Santa Jet: Prinsenstraat 7, tel (020) 427 2070. This little boutique specializes in hand-made imports from Latin America. You can find everything from mini shrines made of tin, to lamps, to kitschy postcards.

De Beeldenwinkel Sculpture Gallery: This is a gallery for sculpture lovers, with bronze statues, pottery, abstract sculpture, raku-fired statues and marble figures sculpture to suit every budget and taste.

Jordaan: One of the most picturesque ‘village’ areas of Amsterdam, the Jordaan has always been a centre for artisans, artists and creatives.  Today, this area has a wonderful selection of goldsmiths and jewellers, fashion boutiques, galleries, designer florists, and specialty shops.

Fashion & Museum District: Located in Amsterdam Zuid, this is considered the chic area for shopping in Amsterdam, close to the Museum district, the PC Hooftstraat and the Cornelis Schuytstraat have some of the finest designer shops in the city, including designer shoes, health and well-being specialists, massage, fashion boutiques, designer interiors, designer florists and specialist shops.

Cracked Kettle: Located at Raamsteeg 3, 1012VZ Amsterdam, this beer, wine, and spirits shop carries independent, unique, and rare bottles. The staff are friendly, but the space is quite confined and obtaining bottles from the very top shelves requires assistance and a dust rag. 12.00 – 22.00 everyday

Street Markets

Street markets originally sold mainly food, and most still sell food and clothing, but they have become more specialized. A complete list of Amsterdam markets (with opening times and the number of stalls) can be found at online at Hollandse Markten.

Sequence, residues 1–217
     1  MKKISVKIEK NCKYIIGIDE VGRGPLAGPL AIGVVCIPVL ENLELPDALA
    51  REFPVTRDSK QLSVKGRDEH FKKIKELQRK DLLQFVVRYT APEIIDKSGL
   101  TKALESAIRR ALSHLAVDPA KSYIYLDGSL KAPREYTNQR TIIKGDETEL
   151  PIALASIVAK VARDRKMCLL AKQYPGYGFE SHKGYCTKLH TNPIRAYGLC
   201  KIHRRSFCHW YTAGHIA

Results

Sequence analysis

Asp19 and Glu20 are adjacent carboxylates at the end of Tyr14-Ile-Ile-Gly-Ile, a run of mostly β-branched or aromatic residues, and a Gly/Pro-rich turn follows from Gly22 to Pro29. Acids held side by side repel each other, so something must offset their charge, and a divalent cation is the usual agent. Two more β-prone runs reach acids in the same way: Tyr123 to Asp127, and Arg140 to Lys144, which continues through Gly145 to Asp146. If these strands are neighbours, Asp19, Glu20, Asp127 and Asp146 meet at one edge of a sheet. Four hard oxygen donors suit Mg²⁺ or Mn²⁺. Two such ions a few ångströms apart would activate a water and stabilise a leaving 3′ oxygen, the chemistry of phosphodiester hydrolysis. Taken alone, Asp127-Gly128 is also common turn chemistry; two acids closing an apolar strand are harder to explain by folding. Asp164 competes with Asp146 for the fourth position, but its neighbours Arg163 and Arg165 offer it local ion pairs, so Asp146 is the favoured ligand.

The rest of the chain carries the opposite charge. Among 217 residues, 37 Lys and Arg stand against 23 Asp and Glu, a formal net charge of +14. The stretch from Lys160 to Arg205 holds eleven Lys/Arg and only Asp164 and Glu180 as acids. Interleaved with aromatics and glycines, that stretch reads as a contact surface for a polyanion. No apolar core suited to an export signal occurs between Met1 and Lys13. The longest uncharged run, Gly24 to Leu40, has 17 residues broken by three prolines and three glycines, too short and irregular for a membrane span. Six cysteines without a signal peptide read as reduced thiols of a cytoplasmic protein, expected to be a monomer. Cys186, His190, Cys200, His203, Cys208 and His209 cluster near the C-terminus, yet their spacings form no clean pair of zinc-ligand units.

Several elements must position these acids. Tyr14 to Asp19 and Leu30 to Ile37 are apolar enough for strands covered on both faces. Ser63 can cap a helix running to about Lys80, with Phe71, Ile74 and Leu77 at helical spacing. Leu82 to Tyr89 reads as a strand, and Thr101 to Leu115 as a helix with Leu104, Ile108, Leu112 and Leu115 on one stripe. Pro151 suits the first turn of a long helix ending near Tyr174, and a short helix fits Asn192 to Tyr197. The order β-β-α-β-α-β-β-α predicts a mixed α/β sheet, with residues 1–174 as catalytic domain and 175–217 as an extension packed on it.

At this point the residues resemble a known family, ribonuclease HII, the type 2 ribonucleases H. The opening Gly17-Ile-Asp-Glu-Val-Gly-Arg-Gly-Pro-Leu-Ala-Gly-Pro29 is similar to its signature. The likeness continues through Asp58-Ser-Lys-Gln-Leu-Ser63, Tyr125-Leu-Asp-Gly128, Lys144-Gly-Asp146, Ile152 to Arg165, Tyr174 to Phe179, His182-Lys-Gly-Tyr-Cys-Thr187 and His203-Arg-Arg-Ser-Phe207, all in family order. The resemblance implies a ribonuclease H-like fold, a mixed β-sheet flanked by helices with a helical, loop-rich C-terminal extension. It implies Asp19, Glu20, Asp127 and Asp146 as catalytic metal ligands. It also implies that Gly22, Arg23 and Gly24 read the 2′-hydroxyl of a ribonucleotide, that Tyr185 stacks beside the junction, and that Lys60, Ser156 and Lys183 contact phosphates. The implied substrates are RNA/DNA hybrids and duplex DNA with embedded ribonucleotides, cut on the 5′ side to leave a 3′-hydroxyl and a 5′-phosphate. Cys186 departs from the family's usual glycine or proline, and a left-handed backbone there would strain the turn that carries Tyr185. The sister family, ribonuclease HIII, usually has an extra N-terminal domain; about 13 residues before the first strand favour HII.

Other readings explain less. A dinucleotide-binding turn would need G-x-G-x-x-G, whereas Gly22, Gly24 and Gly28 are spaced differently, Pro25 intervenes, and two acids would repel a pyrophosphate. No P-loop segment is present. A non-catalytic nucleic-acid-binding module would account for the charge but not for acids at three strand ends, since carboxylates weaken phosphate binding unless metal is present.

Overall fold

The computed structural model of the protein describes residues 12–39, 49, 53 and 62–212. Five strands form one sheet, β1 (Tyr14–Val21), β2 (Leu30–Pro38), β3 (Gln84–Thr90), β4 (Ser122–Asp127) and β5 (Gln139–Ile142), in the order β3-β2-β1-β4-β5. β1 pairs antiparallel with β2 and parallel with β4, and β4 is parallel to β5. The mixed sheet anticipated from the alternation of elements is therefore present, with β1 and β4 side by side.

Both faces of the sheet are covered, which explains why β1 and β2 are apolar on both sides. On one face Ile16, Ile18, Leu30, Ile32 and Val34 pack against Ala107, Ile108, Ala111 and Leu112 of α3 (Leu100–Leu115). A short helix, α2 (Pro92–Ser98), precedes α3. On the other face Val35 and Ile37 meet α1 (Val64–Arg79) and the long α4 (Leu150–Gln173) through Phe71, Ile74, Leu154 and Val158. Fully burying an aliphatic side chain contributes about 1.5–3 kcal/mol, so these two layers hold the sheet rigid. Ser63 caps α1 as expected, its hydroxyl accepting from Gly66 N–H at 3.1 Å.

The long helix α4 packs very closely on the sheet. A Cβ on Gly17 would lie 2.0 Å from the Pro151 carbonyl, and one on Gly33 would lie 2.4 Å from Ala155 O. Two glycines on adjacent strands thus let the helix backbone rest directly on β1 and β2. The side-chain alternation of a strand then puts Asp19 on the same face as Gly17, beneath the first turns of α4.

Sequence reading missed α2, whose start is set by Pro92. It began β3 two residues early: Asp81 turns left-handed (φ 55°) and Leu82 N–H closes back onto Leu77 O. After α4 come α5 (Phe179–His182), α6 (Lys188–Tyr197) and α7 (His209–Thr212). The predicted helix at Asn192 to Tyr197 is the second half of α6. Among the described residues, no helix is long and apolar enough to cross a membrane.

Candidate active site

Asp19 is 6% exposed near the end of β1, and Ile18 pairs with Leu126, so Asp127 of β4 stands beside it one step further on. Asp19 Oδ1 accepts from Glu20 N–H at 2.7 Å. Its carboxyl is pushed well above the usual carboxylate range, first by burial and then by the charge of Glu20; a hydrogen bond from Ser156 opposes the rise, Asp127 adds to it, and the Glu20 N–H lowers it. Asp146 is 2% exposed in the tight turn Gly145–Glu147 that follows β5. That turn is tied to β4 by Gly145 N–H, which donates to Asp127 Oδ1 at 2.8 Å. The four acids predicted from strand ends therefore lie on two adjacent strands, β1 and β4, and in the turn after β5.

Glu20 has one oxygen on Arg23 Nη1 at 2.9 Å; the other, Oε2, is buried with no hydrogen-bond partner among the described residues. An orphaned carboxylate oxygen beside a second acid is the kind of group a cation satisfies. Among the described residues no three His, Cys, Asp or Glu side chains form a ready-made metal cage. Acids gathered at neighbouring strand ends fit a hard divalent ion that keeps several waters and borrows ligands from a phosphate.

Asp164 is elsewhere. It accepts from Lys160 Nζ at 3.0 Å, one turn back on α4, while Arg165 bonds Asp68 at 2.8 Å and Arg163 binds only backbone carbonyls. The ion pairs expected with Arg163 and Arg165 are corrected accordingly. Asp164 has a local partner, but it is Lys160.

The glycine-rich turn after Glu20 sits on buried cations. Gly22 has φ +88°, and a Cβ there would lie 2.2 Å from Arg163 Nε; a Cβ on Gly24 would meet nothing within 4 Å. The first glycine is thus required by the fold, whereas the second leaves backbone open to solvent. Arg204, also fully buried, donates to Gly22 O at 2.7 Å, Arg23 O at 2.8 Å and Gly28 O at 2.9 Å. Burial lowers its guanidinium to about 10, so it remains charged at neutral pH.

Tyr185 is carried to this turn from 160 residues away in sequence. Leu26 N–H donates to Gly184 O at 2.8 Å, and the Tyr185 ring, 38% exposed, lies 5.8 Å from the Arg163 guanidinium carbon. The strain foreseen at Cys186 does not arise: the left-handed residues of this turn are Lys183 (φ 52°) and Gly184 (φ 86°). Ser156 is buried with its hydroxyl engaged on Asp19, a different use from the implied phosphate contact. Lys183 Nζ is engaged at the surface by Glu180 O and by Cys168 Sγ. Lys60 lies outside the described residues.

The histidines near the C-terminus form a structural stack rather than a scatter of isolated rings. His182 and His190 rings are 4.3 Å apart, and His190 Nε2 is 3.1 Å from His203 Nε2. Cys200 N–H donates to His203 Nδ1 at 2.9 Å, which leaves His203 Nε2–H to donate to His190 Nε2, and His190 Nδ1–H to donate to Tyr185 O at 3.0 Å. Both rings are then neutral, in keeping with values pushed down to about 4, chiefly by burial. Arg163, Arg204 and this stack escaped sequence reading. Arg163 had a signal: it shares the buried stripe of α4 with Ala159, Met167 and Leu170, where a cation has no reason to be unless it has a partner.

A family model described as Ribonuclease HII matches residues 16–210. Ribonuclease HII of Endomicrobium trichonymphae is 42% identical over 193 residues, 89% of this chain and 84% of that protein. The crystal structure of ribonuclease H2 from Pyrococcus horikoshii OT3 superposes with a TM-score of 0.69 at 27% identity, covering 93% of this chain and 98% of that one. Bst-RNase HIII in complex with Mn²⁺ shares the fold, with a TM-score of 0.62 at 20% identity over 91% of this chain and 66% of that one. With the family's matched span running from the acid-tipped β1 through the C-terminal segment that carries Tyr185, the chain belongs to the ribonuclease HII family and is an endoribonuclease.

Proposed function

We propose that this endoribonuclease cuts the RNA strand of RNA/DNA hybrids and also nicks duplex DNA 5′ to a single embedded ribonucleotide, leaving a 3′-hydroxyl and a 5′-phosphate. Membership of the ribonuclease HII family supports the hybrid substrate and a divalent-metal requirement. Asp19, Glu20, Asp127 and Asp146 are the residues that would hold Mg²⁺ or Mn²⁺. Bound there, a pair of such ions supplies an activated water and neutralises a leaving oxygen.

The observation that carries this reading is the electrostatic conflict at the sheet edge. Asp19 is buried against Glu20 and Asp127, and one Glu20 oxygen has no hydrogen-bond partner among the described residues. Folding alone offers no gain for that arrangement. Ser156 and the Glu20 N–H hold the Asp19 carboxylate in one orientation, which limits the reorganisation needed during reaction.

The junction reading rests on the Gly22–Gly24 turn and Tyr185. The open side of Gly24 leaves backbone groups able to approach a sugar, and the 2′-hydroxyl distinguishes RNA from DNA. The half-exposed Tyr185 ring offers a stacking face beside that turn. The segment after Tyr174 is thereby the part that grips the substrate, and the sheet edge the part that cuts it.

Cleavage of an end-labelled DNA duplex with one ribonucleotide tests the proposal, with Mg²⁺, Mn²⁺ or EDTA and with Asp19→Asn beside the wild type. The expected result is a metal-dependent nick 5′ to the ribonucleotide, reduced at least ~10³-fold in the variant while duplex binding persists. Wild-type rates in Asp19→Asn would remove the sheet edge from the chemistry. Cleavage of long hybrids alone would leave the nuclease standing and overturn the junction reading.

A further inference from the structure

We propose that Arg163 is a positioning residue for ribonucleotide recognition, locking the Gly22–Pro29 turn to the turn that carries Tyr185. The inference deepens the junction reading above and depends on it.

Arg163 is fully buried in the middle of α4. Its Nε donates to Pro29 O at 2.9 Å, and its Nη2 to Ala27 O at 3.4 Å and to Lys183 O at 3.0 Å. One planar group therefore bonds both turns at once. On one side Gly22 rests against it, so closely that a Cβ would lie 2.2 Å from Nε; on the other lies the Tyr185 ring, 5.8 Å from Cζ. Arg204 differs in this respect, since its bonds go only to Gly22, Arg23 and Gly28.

Bloemenmarkt: Monday to Saturday from about 8AM until around 5PM. Floating flower market, open daily on the Singel canal, near Muntplein. Very touristy, but you could do worse than buy your tulips here. Make sure you buy pre-approved bulbs if taking them to the US or Canada. They will have the holographic licence and export tag on the bag.

Albert Cuyp: Largest in Amsterdam, best-known street market in the country. Can get very crowded, so watch out for pickpockets. Monday to Saturday from about 9AM until around 5PM. Dappermarkt. In the east, behind the zoo, and was voted best market in the Netherlands. Monday to Saturday from about 8AM until around 5PM.

Waterlooplein: Well-known but overrated flea market. Monday to Saturday until about 5PM.

Lindengracht: In the Jordaan, selling a wide range of goods, fruit and vegetables, fish and various household items. Saturday only. 9AM to 4PM. Tram 3 or 10 to Marnixplein, and a short walk along the Lijnbaansgracht.

Spui: Fridays: Books. Sundays: Art and Antiques.

Lapjesmarkt: Westerstraat, in the Jordaan. A specialist market concentrating on selling clothes and material for making clothes, curtains etc. Mondays only. 9AM to 1PM. Tram 3 or 10 to Marnixplein.

Noordermarkt: In the historical Jordaan area of the city. On Monday morning (9AM to 1PM) the Noordermarkt is a flea market selling fabrics, records, second-hand clothing etc, and forms part of the Lapjesmarkt mentioned above. On Saturday (9AM to 4PM), the Noordermarkt is a biological food market, selling a wide range of ecological products like organic fruits and vegetables, herbs, cheese, mushrooms etc, there is also a small flea market. Tram 3 or 10 to Marnixplein, and a short walk down the Westerstraat.

Other

Treinreiswinkel is a travel agency specializing in rail travel. They are well informed and can arrange international train tickets and even a complete package tour if you wish. They also sell interrail tickets. It’s at Singel 393, 1012 WN +31 (0) 71 5137008. They also have an Leiden office which is their main office.